I feel guilty when I fail to read a case before class (a rarity for me, but it does happen), or when I have obtained a poorer grade (accounting the grade for a lack of hard work). Currently, my feeling of guilt has come from falling behind in keeping up with outlines. Constantly, I am reminding myself to work on the outlines, or read a case I missed before, but feel guilty when I fail to do so.

Guilt can also arise from engaging in activities that are not inherently guilt worthy. For instance, sometimes I am so exhausted that I just want to relax and watch TV or YouTube clips. The guilt comes when I feel like other activities (such as updating outlines) should take priority but are failing to do so.

So, how do you overcome guilt? There are two methods that come to mind. First, avoid situations that make you guilty (e.g. focusing on outlines before spending times elsewhere). Second, engaging in healthy activities that contribute to a positive lifestyle (e.g. proper sleep, exercise, positive relaxation).


By the time the end of the day hits, sometimes I am so exhausted I simply go home and sleep. Law school lifestyle right now automatically trends towards an exhausted life. For instance, my daily schedule usually follows this pattern:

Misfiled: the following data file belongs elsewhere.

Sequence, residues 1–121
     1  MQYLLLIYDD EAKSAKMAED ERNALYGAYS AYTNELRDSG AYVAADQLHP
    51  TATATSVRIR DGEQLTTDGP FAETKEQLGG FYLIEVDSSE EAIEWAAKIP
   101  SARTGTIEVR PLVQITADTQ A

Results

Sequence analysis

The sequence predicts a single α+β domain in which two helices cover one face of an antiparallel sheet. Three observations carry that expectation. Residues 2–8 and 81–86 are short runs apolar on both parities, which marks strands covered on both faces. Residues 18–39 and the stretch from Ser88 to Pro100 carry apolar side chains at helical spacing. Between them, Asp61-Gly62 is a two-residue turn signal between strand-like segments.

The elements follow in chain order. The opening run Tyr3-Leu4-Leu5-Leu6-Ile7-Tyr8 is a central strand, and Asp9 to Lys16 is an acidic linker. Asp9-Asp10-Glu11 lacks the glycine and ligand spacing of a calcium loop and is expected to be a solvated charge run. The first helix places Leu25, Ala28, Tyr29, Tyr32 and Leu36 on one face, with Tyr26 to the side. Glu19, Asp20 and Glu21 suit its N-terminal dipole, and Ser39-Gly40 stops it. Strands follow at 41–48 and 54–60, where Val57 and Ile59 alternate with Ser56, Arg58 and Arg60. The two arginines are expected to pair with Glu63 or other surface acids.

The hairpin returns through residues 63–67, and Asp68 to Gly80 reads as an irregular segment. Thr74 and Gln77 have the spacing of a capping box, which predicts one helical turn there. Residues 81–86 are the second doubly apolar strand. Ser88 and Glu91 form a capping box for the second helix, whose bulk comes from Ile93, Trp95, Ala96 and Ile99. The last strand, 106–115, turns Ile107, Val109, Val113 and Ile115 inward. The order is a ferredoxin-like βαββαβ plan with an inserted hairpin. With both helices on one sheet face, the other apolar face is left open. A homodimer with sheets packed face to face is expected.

• Wake up at 4 am to work
  • Get ready between 6 and 7 am
  • Start work at the library from 7:30 am until I feel comfortable with what I have left to finish. Usually I leave the library between 4 and 5 pm
  • Assuming I get home around 5 pm, my evening usually comprises of the following activities:
    • Dinner
    • Hopefully exercise
    • Clean the apartment
    • Relax with my wife
  • Head to bed between 9:30 and 10:30 pm

There have been several times throughout the past two semesters where both my wife and I are so tired, we fall asleep to take a nap at 7 pm and sleep until the next morning.

All this to say that exhaustion can have a negative impact on your performance, motivation, and desire to engage in healthy activities.

How to combat exhaustion? Make sleep a priority, even if it has an impact on other things you can complete. Additionally, take a day completely free from school (Sunday for me). Finally, take one day a week to sleep in a bit. These three principles will give you the proper energy to stay motivated.


Finally, a direct result of law school is stress. Stress can be both positive and negative, depending on how you treat it. Stress comes from deadlines, exams, a busy schedule, and a desire to perform well in those activities. Failure to manage stress well leads to feelings of guilt.

So, how to manage your stress? Once again, engage in healthy activities such as sleep and exercise. Additionally, hard work and meeting deadlines will help mitigate stressful emotions.

Focusing on your Purpose

As a religious individual, I believe we all have a purpose in this life. God has given us the ability to use our strengths and overcome our weaknesses so we can be tools in blessing the lives of others. Additionally, all of our triumphs come from God. All of my success, I attribute to his help and influence on my life. My relationship with God ultimately helps me focus on the positive emotions and overcome the negative emotions.

Categories: 1L Student Life

Will Laursen